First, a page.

Justice Society of America (2022) #4 review

Oh, hey there, Bat-fans! Nice to see you! I’ve been on a sort of mini vacation. You see, I figured out a sweet way to do way less review work than I normally would! It’s a genius plan, really. I wait, say, about two months, and then come back to do a double review! Sort of a two-steps-at-a-time approach.

Anyway, lets catch up on Issues #4 and-

Issue #4? After 10 weeks? That’s it?

Well, okay, I guess.

Did we learn anything in those 10 weeks?

No. No we didn’t. The short of it is, this book is just as much of a nothingburger as issue #3 was. This issue kicks off with some exposition and yet MORE setup for things yet to come, as if we didn’t have enough to see resolve. In case you forgot about that, by the way, the book then IMMEDIATELY  launches into a recap of Helena Wayne’s whole deal, the events of the first issue, and so forth. This is probably because Geoff was worried you forgot about the first issue of the series, given that it came out 7 months ago.

Again, we’re only on issue #4. 7 months. Hoo boy.

The actual content of the issue is… fine? It mostly consists of a big fight between Per Degaton and the present-day JSA, where Helena is given the chance to show how special and cool she is, because the time… energy… from her travels makes her… invisible… to Degaton’s… time-vision…

I have a migraine.

Outside of this, we get some pretty bland and nothing character bits with Power Girl and Huntress, who just kind of chat about what the future is like (though nothing is actually said, Power Gir just asks what her future is like and Helena… smiles?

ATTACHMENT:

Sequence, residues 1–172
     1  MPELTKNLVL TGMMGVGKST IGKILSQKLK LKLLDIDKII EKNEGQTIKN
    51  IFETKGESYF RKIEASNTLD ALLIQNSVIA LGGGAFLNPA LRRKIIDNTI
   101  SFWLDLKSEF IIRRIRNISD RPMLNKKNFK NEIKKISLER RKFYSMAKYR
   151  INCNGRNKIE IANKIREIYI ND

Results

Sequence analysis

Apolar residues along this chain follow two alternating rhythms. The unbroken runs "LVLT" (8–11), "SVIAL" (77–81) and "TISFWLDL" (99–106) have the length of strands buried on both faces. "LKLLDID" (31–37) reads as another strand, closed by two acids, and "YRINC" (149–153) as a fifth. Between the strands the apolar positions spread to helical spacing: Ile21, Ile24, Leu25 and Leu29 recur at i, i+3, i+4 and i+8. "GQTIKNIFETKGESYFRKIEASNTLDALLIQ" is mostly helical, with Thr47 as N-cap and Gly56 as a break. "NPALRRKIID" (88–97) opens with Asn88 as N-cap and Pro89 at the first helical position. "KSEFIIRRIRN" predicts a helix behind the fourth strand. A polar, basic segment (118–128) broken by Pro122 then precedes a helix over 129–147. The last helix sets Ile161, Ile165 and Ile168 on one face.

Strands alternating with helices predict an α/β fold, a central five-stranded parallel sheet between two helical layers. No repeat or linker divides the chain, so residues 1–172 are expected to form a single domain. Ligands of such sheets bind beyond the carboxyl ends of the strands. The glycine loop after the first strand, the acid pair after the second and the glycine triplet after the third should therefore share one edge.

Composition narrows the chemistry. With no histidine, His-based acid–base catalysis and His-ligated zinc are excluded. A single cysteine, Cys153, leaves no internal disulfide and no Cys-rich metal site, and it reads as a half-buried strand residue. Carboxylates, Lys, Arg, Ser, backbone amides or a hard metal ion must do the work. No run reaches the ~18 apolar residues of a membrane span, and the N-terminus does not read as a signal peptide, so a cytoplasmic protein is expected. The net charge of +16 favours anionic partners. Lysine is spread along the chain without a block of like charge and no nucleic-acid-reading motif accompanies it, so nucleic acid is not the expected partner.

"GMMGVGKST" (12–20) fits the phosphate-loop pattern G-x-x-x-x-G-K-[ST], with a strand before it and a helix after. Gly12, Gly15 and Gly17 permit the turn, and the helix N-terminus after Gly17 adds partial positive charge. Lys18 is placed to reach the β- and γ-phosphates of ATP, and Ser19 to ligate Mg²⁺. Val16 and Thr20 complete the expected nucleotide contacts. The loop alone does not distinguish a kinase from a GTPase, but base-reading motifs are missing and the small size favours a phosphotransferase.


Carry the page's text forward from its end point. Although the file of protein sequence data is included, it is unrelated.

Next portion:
No, really, what is this expression supposed to convey?

We also cut to Yolanda and Beth, who many of you rightfully pointed out last review have been dead! Well, it turns out they’ve been alive, actually! They’re taking Lazarus Pills to combat… Eclipso’s… influence…

I can’t do this anymore. Let’s talk about the art.

Mikel Janin and Jordie Bellaire make this a damn pretty book to look at, if nothing else. Unfortunately, the book doesn’t look as good as previous issues. Janin’s use of 3d models in his process really stands out here, especially with the amount of dynamic action scenes. Everything feels weirdly static, like a weird CG slo-mo shot of a 2000s action movie. The colors pop, sure, and do a LOT to help the scenes, but there’s only so much a good colorist can help art like this.

The keen-eyed readers among you might have noticed that I haven’t said anything about comic legend Jerry Ordway’s contributions to this book yet. That would be because he has drawn exactly two pages. One of them, the splash page for the title card. The other, is one page in the middle of the book in which Degaton talks to the older Degaton to reiterate Helena Wayne’s special time immunity that we already saw literally three pages prior. It’s an odd scene, and feels like a waste of everyone’s time.

Recommended if…

  • You’ve really been waiting for this issue.
  • I’m struggling here
  • Please, don’t make me


I cannot tell who this book is for other than Geoff Johns.

Score: 4/10

I’ll see you all in ten years for issue #5.

DISCLAIMER: DC Comics provided Batman News with a copy of this comic for the purpose of this review.